I don't know about you, but I was disheartened to the point of paralysis by the events in Tucson, and by the steadfast refusal of some folks to step back from hateful rhetoric. I have spent a lot of time and thought over the last two years and more, trying to figure out how to encourage thoughtful and respectful public discourse when a not-insignificant group of people refuses to see the importance of such mutual conversations. What has caused me even more distress is the fact that these hatemongers are not abjured by those for whom they claim to speak. Where are the people who should be saying: No. You don't stand for me. I may share some of your goals, but I do not want my goals promoted with hate and fear.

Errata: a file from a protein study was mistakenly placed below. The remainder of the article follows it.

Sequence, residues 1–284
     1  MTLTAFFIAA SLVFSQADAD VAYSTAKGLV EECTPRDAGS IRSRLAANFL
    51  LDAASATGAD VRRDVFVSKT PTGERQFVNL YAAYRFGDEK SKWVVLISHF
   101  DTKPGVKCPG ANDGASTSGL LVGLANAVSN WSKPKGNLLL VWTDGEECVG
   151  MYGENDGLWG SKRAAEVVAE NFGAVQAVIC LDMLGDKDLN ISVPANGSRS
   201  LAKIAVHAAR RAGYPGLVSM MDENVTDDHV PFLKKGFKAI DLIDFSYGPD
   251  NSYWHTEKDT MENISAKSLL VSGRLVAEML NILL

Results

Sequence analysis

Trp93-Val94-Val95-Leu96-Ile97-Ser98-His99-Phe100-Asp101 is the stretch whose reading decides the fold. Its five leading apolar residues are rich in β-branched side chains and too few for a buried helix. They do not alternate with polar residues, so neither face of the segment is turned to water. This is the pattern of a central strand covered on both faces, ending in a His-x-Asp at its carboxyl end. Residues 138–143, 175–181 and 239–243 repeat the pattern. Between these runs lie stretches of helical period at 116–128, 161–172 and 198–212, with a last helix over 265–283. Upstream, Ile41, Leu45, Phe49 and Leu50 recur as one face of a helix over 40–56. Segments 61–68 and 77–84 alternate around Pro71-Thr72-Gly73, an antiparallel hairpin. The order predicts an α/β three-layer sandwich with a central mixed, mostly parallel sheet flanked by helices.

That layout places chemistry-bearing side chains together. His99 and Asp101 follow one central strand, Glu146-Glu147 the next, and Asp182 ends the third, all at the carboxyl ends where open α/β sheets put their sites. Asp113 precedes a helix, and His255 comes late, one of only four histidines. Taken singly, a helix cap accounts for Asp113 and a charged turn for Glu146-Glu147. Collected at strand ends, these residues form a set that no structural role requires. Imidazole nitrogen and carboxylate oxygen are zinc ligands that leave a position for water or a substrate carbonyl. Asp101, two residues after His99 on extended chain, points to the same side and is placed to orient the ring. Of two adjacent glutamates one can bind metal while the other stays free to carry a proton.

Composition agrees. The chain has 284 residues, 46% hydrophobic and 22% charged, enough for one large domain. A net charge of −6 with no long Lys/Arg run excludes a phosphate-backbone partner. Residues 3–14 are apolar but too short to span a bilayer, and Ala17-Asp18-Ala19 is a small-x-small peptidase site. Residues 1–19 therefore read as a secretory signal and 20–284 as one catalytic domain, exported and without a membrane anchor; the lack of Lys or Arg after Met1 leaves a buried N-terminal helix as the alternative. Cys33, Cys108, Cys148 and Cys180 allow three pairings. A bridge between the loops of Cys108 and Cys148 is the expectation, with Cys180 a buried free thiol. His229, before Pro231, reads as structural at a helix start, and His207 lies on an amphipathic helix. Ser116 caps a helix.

I'll tell you where some of them are. They're right here among our fellow knitters. And I'll also tell you how glad I am that Ellen and Alison haven't been paralyzed, but instead have decided to do what knitters do best: to knit, and to use that knitting to remind people of their common humanity. They have begun a project called Warm Hats Not Hot Heads, with the goal of getting people to knit hats for as many of our Congressional representatives as possible, to remind them that, in the end, we all have the same basic needs even if we go about getting those needs met in different ways, and that respectful discourse is crucial in working together as a nation to meet our common goals.
Looks like I'll be knitting some hats this month. Who wants to join me?